If British Columbians want to know what an election during a pandemic might look like, they need look no farther than New Brunswick.
On September 14, the Progressive Conservatives – which had a feeble minority supported by the People’s Alliance – won a majority.
All of the traditional ways of campaigning – door-knocking, glad-handing, fundraising dinners, local candidate debates – are out the window, due to state-of-emergency measures that limit social interaction, and a virtual campaign is likely to favour the party in power.
“The example from New Brunswick is inherently cruel,” said Mario Canseco, president of polling firm Research Co. “You have someone, (Kevin) Vickers, running for the Liberals, and because of the constraints of the campaign – he can’t knock on doors, he’s got to do everything online -- and he ends up losing his riding.”
John Horgan’s NDP also enjoys a healthy approval rating.
Canseco points to his company’s polling which shows high satisfaction with the NDP government’s handling of the pandemic. At the end of May, his firm’s polling found 41% of decided voters favouring the NDP. The Liberals had just 33% of the decided vote.
A September 4 Angus Reid poll, meanwhile, put the NDP in B.C. at 48% for the decided vote, the Liberals 29% and the Greens 14%.
The BC Liberals will be fighting an election at a serious disadvantage.
“The type of campaign that usually galvanizes the Liberal base is the kind you can’t have anymore,” Canseco said.
That traditional campaign involved a lot of door-knocking, campaign visits to businesses, fundraising dinners, town-hall style all-candidates debates – all of which will necessarily be severely curtailed during a state of emergency and social distancing rules.
Social media will likely play a much bigger role in getting political messages out, and Horgan appears to have an advantage there, too.
As of mid-afternoon, September 21, Horgan had 96,000 followers on Twitter to Wilkinson’s 9,789 and Green Party Leader Sonia Furstenau’s 7,316. Horgan’s Facebook page had 42,635 followers to Wilkinson’s 9,919 and Fursteanu’s 3,971.
If the prospects for the Liberals are comparatively poor, they may be even worse for the Green Party. The leader who put the party on the map, Andrew Weaver, stepped down as leader, now sits an independent and does not plan to run again.
The party’s new leader does not have Weaver's high public profile among ordinary voters. Worse, concerns about climate change and the environment – the Greens’ raison d’etre – may have taken a back seat to concerns about health care and the economy, thanks to the pandemic and resulting recession.
“People are more likely to be worried about health care or the economy,” Canseco said. “In British Columbia, it’s likely to be housing. We haven’t seen the environment climb the charts as much as it did before the last federal election or even the last provincial election.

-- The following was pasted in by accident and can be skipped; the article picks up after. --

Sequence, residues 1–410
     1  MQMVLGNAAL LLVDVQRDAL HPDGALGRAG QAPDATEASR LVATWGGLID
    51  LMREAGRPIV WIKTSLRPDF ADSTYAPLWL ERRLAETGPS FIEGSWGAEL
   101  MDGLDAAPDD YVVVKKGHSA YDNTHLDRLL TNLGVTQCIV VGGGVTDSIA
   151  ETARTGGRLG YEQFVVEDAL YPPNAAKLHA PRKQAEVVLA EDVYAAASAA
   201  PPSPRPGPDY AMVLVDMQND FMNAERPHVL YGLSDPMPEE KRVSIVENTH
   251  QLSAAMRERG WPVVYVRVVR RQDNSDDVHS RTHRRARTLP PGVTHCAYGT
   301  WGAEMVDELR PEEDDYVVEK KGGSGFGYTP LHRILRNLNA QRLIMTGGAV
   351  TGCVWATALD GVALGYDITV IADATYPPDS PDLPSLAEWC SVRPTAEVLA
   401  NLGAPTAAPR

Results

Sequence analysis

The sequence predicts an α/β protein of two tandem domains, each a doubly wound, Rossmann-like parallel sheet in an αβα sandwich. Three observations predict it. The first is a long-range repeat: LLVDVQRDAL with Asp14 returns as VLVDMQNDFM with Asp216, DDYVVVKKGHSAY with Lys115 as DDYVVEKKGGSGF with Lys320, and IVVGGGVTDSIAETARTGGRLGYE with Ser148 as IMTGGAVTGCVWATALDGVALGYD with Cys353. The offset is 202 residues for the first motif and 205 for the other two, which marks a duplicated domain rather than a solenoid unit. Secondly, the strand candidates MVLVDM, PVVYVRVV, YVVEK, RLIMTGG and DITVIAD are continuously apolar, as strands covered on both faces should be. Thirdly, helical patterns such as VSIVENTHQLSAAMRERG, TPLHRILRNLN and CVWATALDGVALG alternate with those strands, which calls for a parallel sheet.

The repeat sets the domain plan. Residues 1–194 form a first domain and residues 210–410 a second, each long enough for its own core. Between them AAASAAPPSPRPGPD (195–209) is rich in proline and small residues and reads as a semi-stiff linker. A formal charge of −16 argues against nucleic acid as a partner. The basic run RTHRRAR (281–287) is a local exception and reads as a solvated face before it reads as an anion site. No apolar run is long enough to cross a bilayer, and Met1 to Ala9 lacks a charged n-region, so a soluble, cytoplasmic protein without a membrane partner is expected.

“If you have good candidates from the NDP in those ridings – and they have with Murray Rankin running in Oak Bay – maybe the Greens won’t be able to hold onto the seats that they have,” Canseco said.
It is possible that the NDP could lose some support, simply because voters don't think the middle of a pandemic is the right time for an election.
"I see the political point," said University of BC political science professor Richard Johnston. "But I don't think it justifies the decision, and I think there's more risk in it than the premier or the premiers's advisers believe."
The one wild card that could harm the NDP’s prospects is if the current escalation of COVID-19 cases becomes a full-blown second-wave epidemic, requiring another lockdown.
In that scenario, holding an election when it’s not really necessary may start to look like a bad idea.
Horgan’s government is also getting pushback from the BC Teachers Federation, which is taking the government to the Labour Relations Board over the way it has managed the resumption of in-class instruction in public schools.
Horgan has tried to distance himself from that controversy, pointing out that the provincial health office, school boards and school principals are making the decisions on how to get kids back to school, not the premier’s office.
“I have not, in previous school years – even when my own kids were in the system and I was an elected representative – I did not have a role in the education of my kids,” Horgan said Monday in response to questions about parents who are concerned about sending their kids back to school.
“That’s why we have elected school boards,” he said. “If parents want information about their school, the best place to get it is from their school, not from the premier.”
But if there were to be outbreaks in schools, Horgan could expect to take some flak.
“If we’re in a situation where, two weeks from now, we have 600 cases a day and you have to go back into some sort of a lockdown, the numbers may start to shift,” Canseco said.